On ‘Pretty Girls Like Trap Music’ 2 Chainz sits atop trap throne
2 Chainz, in his current form, burst onto the scene in 2011 with T.R.U. REALigion, an absolute powerhouse of a mixtape that reintroduced 2 Chainz, previously Tity Boi of Playaz Circle, to the hip-hop world.
Ever since REALigion, 2 Chainz has permeated the relevant hip-hop releases, becoming a needed feature on chart-toppers like Kanye’s “Mercy,” A$AP Rocky’s “F*ckin Problems,” and Nicki Minaj’s “Beez in the Trap.”
In 2012 and 2013, 2 Chanz, real name Tauheed Epps, released two more albums, Based on a T.R.U. Story and B.O.A.T.S. II: Me Time.
While both releases displayed a love for acronyms, they felt like extensions of REALigion, mixtapes that were released and marketed like albums with a little more production value.
Story and B.O.A.T.S. both had the requisite bangers, but ultimately there were too many throwaway tracks on either album to consider 2 Chainz as anything more than a great feature who could make a couple hits.
This is often the case after an artist blows up and signs a new record deal. Obviously Epps was a veteran of the industry, but he was still honing his sound as an independent artist with a newly-realized moniker.
After the success of REALigion, 2 Chainz wanted to recreate that vibe of a sort of wildcard trapstar with punchlines and puns for days.
2 Chainz became a sort of cult-like figure. His verses were full of hilarious imagery and references(“might valet park a Brinks truck”) and it seemed as though he was more of a fun dude to throw on a feature as opposed to a serious solo artist.
Any of these concerns were put to rest with 2016’s ColleGrove, a joint album with Lil Wayne, and Daniel Son; Necklace Don were among the best releases of the year.
With the release of Pretty Girls Like Trap Music last Friday, 2 Chainz has solidified himself at the top of the ATL scene.
2 Chainz found his lane, combining elements of trap with a more laid back delivery, differentiating himself from the others in his lane all trying to yell over each other.
Pretty Girls is devoid of the frills and gimmicks of some of the more popular trap releases of late. It is a record grounded in the mid-2000’s trap sound.
2 Chainz is much more Jeezy than Carti or Yachty, which makes sense because of how long Epps has been in the game and the fact that he turns 40 in September.
To that end, “Trap Check” samples “Get Ya Mind Right,” off Jeezy’s Let’s Get It: Thug Motivation 101 and T.I.’s “ASAP,” off Urban Legend, both considered to be seminal records in the formation of the trap sound.
On “Realize,” alongside Nicki Minaj, 2 Chainz shows his opinion of some the younger members of his medium, rapping, “man fuck all that humble shit/fuck all that mumble shit.”
But 2 Chainz is hardly a cranky old man. If anything is clear, on Pretty Girls he’s having as much fun as anyone.
The endless fun and opulence 2 Chainz is surrounded by are perhaps made all the better in contrast with the struggle that he came from, on “4 AM,” he raps, “If it wasn’t for the struggle then I wouldn’t be me.”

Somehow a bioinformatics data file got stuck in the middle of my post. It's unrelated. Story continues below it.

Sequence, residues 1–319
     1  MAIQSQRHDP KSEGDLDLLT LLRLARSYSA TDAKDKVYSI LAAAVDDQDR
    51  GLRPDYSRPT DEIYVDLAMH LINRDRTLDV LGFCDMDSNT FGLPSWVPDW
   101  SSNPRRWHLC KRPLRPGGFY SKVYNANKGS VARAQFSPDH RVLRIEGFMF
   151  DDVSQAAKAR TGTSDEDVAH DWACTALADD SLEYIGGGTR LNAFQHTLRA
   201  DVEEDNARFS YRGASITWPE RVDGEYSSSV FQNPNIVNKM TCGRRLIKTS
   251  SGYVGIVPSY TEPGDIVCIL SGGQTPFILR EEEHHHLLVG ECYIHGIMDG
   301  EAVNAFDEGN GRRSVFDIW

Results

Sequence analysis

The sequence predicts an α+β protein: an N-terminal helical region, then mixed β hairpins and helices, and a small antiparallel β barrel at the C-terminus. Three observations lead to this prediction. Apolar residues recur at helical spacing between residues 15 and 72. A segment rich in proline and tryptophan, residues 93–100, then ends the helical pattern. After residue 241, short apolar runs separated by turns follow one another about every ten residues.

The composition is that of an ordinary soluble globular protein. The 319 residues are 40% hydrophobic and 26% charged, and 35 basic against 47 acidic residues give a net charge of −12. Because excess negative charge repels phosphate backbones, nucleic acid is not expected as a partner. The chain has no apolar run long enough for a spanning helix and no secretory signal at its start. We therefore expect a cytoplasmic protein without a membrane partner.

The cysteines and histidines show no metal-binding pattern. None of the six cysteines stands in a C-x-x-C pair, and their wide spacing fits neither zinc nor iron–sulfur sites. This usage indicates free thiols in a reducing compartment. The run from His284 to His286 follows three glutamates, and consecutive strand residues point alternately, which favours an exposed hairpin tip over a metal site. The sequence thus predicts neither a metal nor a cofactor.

2 Chainz was arrested at 15 years old for felony cocaine possession as he’ll tell you on “Door Swangin” he, “had a felony before you knew what a felony was.”
Stylistically, the transition from tracks about Epps’ past struggles to those celebrating his massive success, is a fascinating examination of an artist reckoning with both an unruly past and a moneyed present.
On “Riverdale Rd” 2 Chainz raps over menacing Mike Dean horror movie strings about his upbringing, “You wasn’t there when mama was struggling/You wasn’t there when mama was fussing.”
“Riverdale Rd” leads into “Good Drink,” the lead single off the album, with features from Quavo and Gucci Mane. “Good Drink” chronicles 2 Chainz’s rise out of the trap, “We sit in the kitchen late, we tryna to make an escape/Trying to make me a mil’, so I’ma keep me a plate.”
2 Chainz has made that mil’ so he’s going to enjoy it. On “4 Am,” accompanied by Travis Scott, 2 is getting lit, “4 AM, I’m just gettin’ started/For my birthday I threw me a surprise party.”
Pretty Girls goes from the trap, to the club at 4 am, to what 2 Chainz describes as “yacht music” with perfect expertise.
The yacht music in question is “Bailan” with Pharrell Williams, the requisite Caribbean-influenced track every hip-hop release apparently needs now.
“Bailan” feels like the only moment that Pretty Girls is not pulling all its punches, but then is followed by “Burglar Bars,” which opens with Louis Farrakhan saying of meeting 2 Chainz,
“As I met 2 Chainz a few minutes ago, as I gazed into his face, I felt that I was in the presence of royalty. There’s a certain power presence that he gives off.”
2 Chainz follows up this praise to go on to rap “See my mom was an addict and my dad was the dealer.” The juxtaposition feels intended.
Coming from the struggle to sit-downs with Farrakhan, 2 Chainz is hip-hop, and American, royalty.